Courseware guides you from set up to lab experiments.  Quanser controls courseware typically includes hard copies and digital copies of Instructor and Student Workbooks and /or Laboratory Guides, a User Manual and a Quick Start Guide. The courseware helps you quickly set up the experiment in your lab, provides a summary of background theory, as well as a set of pre-lab assignments (questions) you can use to test students’ understanding of it before they start the laboratory exercises. Many Quanser systems have multiple sets of lab exercises; for example, with the Rotary Servo Base Unit, you can teach modeling, position control and speed control labs. 

Quanser courseware typically includes Instructor and Student Workbooks and/or 
Laboratory Guides, a User Manual and a Quick Start Guide.

ABET-aligned content.   The courseware conforms to the requirements established by ABET, Inc., the recognized accreditor for college and university programs in applied science, computing, engineering and technology.  This may help your institution in the accreditation process. The alignment process was conducted in collaboration with Professor Hakan Gurocak, Washington State University, Vancouver, USA.

Developed by experts.  Quanser courseware is authored by an experienced team of Quanser curriculum developers and engineers, headed by ProfessorJacob Apkarian, Ph.D., Quanser’s founder and Chief Technical Officer. In keeping with the integration process, some material was been developed in cooperation with specialists at National Instruments.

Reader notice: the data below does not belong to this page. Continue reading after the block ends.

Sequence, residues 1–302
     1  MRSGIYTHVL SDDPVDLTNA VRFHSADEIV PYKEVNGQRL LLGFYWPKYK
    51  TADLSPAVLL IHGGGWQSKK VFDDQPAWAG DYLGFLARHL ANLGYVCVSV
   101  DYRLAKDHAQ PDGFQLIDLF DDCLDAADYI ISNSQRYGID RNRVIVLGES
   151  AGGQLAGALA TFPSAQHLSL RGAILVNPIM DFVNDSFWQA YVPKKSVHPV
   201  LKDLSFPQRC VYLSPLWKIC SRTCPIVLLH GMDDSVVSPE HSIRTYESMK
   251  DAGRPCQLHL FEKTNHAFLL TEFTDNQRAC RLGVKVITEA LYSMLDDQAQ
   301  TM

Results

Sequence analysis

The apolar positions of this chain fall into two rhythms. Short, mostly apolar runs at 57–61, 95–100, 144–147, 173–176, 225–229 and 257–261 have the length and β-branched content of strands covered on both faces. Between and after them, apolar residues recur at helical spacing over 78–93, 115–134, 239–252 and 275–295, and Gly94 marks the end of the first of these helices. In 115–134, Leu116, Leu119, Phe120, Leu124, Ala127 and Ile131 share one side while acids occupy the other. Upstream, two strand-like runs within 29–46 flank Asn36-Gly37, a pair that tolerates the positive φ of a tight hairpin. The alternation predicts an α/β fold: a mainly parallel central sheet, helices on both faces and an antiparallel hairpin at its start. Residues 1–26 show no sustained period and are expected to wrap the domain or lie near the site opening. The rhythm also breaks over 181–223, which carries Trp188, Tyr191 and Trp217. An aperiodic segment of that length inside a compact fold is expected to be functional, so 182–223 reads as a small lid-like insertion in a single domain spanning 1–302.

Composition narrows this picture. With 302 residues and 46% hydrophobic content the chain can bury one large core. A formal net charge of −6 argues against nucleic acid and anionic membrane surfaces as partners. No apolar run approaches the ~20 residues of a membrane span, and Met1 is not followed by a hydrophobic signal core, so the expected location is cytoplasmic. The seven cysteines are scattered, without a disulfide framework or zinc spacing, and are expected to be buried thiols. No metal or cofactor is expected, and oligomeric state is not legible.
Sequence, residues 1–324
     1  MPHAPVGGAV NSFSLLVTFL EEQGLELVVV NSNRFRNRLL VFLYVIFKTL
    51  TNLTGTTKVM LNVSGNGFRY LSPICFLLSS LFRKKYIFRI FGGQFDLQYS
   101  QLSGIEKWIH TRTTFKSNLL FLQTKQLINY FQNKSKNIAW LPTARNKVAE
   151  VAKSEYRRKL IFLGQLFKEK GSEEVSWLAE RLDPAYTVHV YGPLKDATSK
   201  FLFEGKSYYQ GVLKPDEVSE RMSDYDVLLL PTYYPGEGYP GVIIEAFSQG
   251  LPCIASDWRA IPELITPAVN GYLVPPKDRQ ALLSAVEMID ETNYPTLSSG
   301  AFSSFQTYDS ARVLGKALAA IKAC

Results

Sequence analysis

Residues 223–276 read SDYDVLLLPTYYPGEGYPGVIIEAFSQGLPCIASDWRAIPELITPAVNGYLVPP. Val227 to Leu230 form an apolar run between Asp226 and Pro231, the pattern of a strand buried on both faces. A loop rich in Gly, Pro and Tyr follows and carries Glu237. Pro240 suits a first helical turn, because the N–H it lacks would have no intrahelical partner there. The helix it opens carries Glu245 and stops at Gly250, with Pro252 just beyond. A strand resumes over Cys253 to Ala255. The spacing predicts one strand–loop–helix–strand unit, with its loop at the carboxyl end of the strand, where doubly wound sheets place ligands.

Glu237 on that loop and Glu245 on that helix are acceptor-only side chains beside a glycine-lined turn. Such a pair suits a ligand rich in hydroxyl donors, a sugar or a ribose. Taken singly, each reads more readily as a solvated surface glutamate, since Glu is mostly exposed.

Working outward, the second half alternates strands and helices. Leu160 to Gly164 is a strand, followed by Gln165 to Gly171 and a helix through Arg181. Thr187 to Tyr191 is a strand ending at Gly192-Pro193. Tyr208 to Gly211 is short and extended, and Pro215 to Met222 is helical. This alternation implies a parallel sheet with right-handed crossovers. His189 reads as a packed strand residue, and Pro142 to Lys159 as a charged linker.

LabVIEW VIs are included.  LabVIEW Virtual Instruments (VIs) are offered with all Quanser experiments. The VIs are based on the laboratory exercises presented in the documentation. You can easily modify the VIs to suit your particular course.

Access to the courseware updates. Quanser documentation is regularly reviewed and revised.  Changes are based on several criteria including feedback from existing users and collaborating professors, and internal and external peer reviews. We also seek out novel ways to present and deliver our curriculum that would make it easier for professors to adapt the courseware for their specific needs. In the future we plan to introduce an online update mechanism that will give professors access to the latest documentation.

If you wish to download a course material sample, click here.

Monday, February 11, 2013

How Quanser Shake Tables Are Shaking Up Earthquake Engineering Instruction

How can you help your undergraduate civil engineering students grasp complex concepts of structural engineering more quickly and thoroughly? A sure way is to offer them engaging, hands-on lab experiments that leap past dry theory and bring seismic challenges to life.